Two weeks after deciding that records from its meetings should be verbatim — or word-for-word of everything said — the Mount Airy Board of Commissioners has reversed that stance in favor of less detail.
“We’re not a court of law,” the board’s Shirley Brinkley said during the latest meeting Thursday night, when she successfully lobbied for a less-formal approach to the minutes, or official records, kept for such sessions.
The commissioners subsequently voted to scale down the totally verbatim mandate they had approved during a Feb. 2 meeting, with only statements made during public forums and public hearings to now be maintained in that manner.
But the story really begins on Jan. 19, when dozens of citizens ventured to a podium during a public forum that night to voice their opinions regarding comments Mayor David Rowe had made for a Washington Post article published in early January. Among statements by him considered racist was one in which the mayor expressed his distaste for low-hanging pants sometimes worn by young African-American males.
Rowe apologized soon after the article ran, but that did not deter speakers from calling for his resignation during the Jan. 19 public forum, while others said they accepted the mayor’s apology and the comments did not reflect his true character.
The forum lasted about two hours, which were condensed to about two and a half typewritten pages in the minutes presented to the commissioners to approve at their next meeting on Feb. 2.
However, Commissioner Steve Yokeley refuse to participate in what’s usually a routine vote, arguing that the minutes as presented did not portray everything said at the forum, although what was included was accurate. He asked that Nicki Brame, the city clerk who transcribes the records from an audio tape, prepare a more-detailed version.
Then after more discussion, the board voted 5-0 to have minutes of everything that occurs during meetings recorded verbatim.
Matter of practicality
However, the two weeks that lapsed since that decision prompted some rethinking among the commissioners, especially Brinkley. Although the minutes issue was not on the agenda for Thursday night’s meeting, Brinkley spoke up, after the mayor asked if there was any old business to consider, that she wanted to revisit the earlier vote.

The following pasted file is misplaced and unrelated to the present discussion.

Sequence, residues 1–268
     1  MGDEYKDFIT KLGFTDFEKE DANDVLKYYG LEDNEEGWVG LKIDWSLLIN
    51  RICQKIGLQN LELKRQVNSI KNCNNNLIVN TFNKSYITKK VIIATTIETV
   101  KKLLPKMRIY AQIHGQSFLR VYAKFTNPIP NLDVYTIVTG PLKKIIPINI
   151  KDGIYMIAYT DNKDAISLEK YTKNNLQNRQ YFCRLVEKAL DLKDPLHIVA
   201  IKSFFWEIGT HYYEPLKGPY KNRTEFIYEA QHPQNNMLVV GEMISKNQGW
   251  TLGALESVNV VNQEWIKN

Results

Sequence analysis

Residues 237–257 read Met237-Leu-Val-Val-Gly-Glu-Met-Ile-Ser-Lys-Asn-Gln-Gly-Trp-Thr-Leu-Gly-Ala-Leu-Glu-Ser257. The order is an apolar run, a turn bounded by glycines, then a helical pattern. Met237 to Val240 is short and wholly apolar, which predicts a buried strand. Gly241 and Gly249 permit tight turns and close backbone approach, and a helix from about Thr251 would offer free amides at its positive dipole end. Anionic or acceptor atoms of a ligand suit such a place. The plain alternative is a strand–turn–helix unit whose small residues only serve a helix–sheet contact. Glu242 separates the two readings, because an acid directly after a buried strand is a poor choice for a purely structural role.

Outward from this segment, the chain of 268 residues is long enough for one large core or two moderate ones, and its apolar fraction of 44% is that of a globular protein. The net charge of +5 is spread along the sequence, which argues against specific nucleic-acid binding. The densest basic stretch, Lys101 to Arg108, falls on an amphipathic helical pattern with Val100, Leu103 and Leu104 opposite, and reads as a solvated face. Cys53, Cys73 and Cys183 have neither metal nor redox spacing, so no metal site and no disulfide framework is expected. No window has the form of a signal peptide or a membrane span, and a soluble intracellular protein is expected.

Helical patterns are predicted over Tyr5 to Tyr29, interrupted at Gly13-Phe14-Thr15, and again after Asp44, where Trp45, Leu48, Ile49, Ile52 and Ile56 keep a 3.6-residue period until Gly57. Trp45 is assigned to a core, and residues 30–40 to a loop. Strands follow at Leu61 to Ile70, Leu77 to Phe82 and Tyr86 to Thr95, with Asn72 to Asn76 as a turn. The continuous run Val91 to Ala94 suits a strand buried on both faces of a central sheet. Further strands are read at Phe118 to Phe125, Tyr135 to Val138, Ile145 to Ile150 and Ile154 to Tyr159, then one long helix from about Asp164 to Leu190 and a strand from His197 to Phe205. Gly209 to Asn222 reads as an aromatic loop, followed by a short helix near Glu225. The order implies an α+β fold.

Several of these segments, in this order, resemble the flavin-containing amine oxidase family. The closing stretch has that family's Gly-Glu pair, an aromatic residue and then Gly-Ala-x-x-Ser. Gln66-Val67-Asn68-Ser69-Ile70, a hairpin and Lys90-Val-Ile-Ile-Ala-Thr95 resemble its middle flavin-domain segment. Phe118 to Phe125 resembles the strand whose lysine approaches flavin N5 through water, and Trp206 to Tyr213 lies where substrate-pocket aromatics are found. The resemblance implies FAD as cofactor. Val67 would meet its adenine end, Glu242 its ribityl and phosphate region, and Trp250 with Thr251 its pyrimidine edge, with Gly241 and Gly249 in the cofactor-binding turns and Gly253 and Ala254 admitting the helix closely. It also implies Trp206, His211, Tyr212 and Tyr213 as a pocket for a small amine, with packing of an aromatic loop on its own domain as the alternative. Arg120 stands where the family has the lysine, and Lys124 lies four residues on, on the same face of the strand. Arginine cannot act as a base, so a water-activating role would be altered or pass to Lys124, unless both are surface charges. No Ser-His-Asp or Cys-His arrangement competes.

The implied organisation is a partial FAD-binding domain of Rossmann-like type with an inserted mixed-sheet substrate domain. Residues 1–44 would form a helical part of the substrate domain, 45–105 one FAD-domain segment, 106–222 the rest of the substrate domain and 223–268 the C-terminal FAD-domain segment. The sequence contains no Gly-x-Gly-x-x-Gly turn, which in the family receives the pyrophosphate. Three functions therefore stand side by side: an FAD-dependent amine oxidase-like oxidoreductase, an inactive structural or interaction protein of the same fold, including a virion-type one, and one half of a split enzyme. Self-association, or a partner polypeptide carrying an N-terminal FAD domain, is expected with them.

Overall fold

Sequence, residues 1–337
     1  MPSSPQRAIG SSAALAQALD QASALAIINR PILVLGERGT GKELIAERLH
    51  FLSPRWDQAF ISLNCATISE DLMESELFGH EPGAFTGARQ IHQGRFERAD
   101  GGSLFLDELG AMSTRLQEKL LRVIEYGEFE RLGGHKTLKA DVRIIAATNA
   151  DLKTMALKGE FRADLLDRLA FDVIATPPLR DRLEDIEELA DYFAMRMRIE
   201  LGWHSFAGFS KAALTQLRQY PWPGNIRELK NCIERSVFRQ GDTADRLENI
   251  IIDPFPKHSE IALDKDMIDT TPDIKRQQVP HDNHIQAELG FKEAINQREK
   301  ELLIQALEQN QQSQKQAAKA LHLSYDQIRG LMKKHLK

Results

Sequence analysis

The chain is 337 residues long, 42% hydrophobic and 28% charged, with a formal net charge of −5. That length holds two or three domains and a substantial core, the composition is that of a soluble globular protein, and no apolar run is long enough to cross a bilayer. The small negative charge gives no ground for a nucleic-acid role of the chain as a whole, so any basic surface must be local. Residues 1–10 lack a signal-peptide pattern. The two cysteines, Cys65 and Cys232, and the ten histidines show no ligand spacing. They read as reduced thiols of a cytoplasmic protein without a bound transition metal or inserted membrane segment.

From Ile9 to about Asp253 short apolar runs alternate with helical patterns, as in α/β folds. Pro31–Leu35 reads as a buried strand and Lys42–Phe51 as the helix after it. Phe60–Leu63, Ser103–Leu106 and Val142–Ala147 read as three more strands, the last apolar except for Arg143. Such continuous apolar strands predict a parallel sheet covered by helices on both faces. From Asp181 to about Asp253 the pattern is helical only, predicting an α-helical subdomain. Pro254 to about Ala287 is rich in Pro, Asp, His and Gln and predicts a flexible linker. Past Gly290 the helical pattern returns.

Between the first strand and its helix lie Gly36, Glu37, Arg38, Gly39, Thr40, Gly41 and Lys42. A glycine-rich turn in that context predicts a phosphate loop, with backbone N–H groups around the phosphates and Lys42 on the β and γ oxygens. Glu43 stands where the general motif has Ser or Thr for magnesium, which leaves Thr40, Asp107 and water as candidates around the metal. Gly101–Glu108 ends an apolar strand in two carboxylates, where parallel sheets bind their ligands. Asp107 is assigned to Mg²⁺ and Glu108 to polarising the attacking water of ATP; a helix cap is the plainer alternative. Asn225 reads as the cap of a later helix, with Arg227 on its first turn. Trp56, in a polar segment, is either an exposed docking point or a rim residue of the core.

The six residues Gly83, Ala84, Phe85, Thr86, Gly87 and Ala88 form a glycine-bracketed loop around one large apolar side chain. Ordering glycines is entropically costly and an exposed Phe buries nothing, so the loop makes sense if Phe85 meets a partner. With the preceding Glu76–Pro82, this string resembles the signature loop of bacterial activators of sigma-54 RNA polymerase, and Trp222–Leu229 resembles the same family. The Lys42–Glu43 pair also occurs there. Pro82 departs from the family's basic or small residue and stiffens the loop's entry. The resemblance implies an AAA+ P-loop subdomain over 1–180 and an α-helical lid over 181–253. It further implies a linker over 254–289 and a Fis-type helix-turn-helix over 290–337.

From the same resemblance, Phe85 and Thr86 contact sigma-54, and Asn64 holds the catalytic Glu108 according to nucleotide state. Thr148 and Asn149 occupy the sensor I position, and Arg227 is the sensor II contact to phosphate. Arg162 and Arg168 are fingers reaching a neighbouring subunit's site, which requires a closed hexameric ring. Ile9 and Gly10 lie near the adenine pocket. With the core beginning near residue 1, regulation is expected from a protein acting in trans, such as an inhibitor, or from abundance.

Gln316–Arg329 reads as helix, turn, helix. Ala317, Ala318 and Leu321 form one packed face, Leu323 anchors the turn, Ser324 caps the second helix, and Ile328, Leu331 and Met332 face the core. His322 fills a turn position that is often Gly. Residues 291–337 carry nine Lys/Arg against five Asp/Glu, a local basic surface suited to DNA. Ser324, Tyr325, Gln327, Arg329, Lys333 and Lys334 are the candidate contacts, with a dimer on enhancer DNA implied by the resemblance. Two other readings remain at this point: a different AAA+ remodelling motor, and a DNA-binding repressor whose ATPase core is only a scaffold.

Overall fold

Brinkley argued that transcribing tapes to provide verbatim sets of minutes was a time-consuming task, hinting that the mandate could require a new employee at City Hall to accommodate.
She questioned the need for this approach from a practical standpoint.
“All of our meetings are already taped, and anyone can hear them (the tapes) in a reasonable amount of time,” said Brinkley, who also defended the completeness exhibited by Brame over the years.
“She doesn’t miss very much,” the commissioner added. “If she misses anything, it’s rare.”
Commissioner Dean Brown agreed.
“I’ve done some research and most cities our size do just what we do,” Brown said of Mount Airy’s tradition of not keeping verbatim minutes.
City Attorney Hugh Campbell has said local governing bodies are not required to maintain such detailed records, just ones that allow someone who didn’t attend a meeting to understand what happened.
“At special times we may need a verbatim set of minutes,” Brown said Thursday night, which prompted a stern reaction from Cawley concerning what “important” occasions merit such complete records.
“Who decides when it’s important?” Cawley said, explaining that he wanted to avoid a scenario of “this week it’s important so we’ll do verbatim minutes, then (we) don’t if it is not important to the right people.”
Although the Jan. 19 public forum that produced comments about the mayor was a noteworthy event, he said other people who show up and speak on lesser topics believe their issues are important, too.
Cawley cited the example of a man who has spoken at the last two meetings stemming from his problems trying to install a mobile home in the ETJ (extra-territorial jurisdiction zone) surrounding the city limits.
At one point Thursday night, City Manager Barbara Jones was asked about using a voice-to-text computer program to transcribe the minutes from tapes, but she said that method has proven to be inefficient and requires correcting errors.
“I don’t know how useful that would be,” Jones said.
After further discussion, the board decided that every public forum and public hearing from now on will be recorded verbatim in the minutes, but other portions of meetings will not.
The vote also incorporated a suggestion by Commissioner Jim Armbrister that the meeting audio tapes be kept permanently, instead of erased after a certain time, so they can be available to citizens on request.
It was mentioned that the tapes also would provide an extra dimension compared to the written words, such as listeners being able to hear the emotion in someone’s voice.
Armbrister pointed out that the commissioners hold only 24 regular meetings a year, and the expense of maintaining audio recordings of those is much cheaper than a new employee.
Tom Joyce may be reached at 336-415-4693 or on Twitter @Me_Reporter.